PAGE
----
The Infectious Disease Research Center amplified its impact through historic partnerships this year. Zoetis, the largest global animal health care company, has signed a long-term agreement to work on livestock health with our students, faculty and core facilities on our Foothills Campus in the Research and Innovation Center.
At the same time, CSU has led a consortium of six land-grant universities working in the critical area of agricultural biosecurity to protect Colorado and the nation from diseases that could cripple our local and national economy, as we experience one of the largest livestock outbreaks in history.
Our BioMARC manufacturing facility on the Foothills Campus established partnerships this year to produce new medicines for human clinical studies in global diseases such as influenza and tuberculosis. It was also awarded its first grant to support a human clinical trial for its vaccine against Rift Valley Fever, a disease that devastates communities in Africa. BioMARC was also named the 2019 Colorado Manufacturer of the Year.
Our attention to facilitating campus discoveries in this area will also include new planned additions in clinical affairs compliance and regulatory measures needed to extend our impact in human medical practice. The launching of the Columbine Health Systems Center for Healthy Aging will also benefit from these additions.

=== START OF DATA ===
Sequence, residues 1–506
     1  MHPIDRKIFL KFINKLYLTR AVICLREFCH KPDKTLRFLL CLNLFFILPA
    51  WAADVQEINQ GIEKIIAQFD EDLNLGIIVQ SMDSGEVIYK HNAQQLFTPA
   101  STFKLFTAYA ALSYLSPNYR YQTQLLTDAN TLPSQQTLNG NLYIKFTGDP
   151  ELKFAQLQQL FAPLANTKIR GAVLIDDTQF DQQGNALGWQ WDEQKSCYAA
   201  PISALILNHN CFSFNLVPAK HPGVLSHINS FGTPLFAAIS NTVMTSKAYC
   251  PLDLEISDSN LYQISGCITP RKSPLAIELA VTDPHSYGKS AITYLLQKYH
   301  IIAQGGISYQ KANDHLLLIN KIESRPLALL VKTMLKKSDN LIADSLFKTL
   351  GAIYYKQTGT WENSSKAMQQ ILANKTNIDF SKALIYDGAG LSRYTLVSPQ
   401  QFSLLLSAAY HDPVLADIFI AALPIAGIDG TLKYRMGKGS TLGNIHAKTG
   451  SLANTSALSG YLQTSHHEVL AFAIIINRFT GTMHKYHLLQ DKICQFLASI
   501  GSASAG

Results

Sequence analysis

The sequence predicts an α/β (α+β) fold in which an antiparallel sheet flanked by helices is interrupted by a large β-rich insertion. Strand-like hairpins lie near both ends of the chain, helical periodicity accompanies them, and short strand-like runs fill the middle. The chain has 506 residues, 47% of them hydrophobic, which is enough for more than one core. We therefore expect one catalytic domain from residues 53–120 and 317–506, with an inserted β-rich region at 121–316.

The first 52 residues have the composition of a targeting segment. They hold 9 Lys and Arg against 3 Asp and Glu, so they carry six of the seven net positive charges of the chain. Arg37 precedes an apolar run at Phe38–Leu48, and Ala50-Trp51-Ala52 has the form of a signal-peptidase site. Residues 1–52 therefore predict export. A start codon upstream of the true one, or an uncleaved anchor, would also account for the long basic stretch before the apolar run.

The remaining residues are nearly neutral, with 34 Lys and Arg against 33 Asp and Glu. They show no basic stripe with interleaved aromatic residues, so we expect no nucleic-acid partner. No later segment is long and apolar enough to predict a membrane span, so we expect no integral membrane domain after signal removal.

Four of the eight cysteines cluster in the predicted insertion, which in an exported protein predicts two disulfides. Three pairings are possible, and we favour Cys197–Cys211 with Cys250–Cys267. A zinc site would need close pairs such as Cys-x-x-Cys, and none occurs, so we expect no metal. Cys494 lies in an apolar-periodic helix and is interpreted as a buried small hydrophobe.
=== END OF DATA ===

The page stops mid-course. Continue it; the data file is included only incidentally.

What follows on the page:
Raising CSU’s reputation through faculty recognition
Our outstanding faculty, staff and student researchers were recognized this year for their contributions. Of particular note, Dr. Sue VandeWoude from the College of Veterinary Medicine and Biomedical Sciences was elected this year to the National Academy of Sciences for her world-renowned work in wildlife management with a focus on disease management in big cats. She is only the second woman at CSU to achieve this honor, joining internationally acclaimed ecologist Diana Wall. The election of Wall and VandeWoude brought the number of Academy members who are part of the CSU faculty to six.
Dr. VandeWoude also typifies the excellence in scholarship of our discoverers across CSU, passionate about her outstanding work, collaborative across campus as well as inside and outside the U.S., an outstanding teacher, active in CSU and community service, and a mentor to students and valued colleagues.
The communication of science to society continues to be a focus of our work. This year we hosted important discussions on research topics from agricultural innovation to water in the West. From the dialogue on vaccination to freedom of speech, research and scholarship have an important role to play in helping frame questions and issues while convening diverse perspectives. We will continue this work and expand our dialogue next year to include scholarship and its role in a democratic society.
It may have been a historic year for CSU numbers, but every day the university makes history with outstanding people who are passionate about discovery and translating that knowledge to make impacts in the communities we serve.
Alan Rudolph is the Vice President for Research at Colorado State University.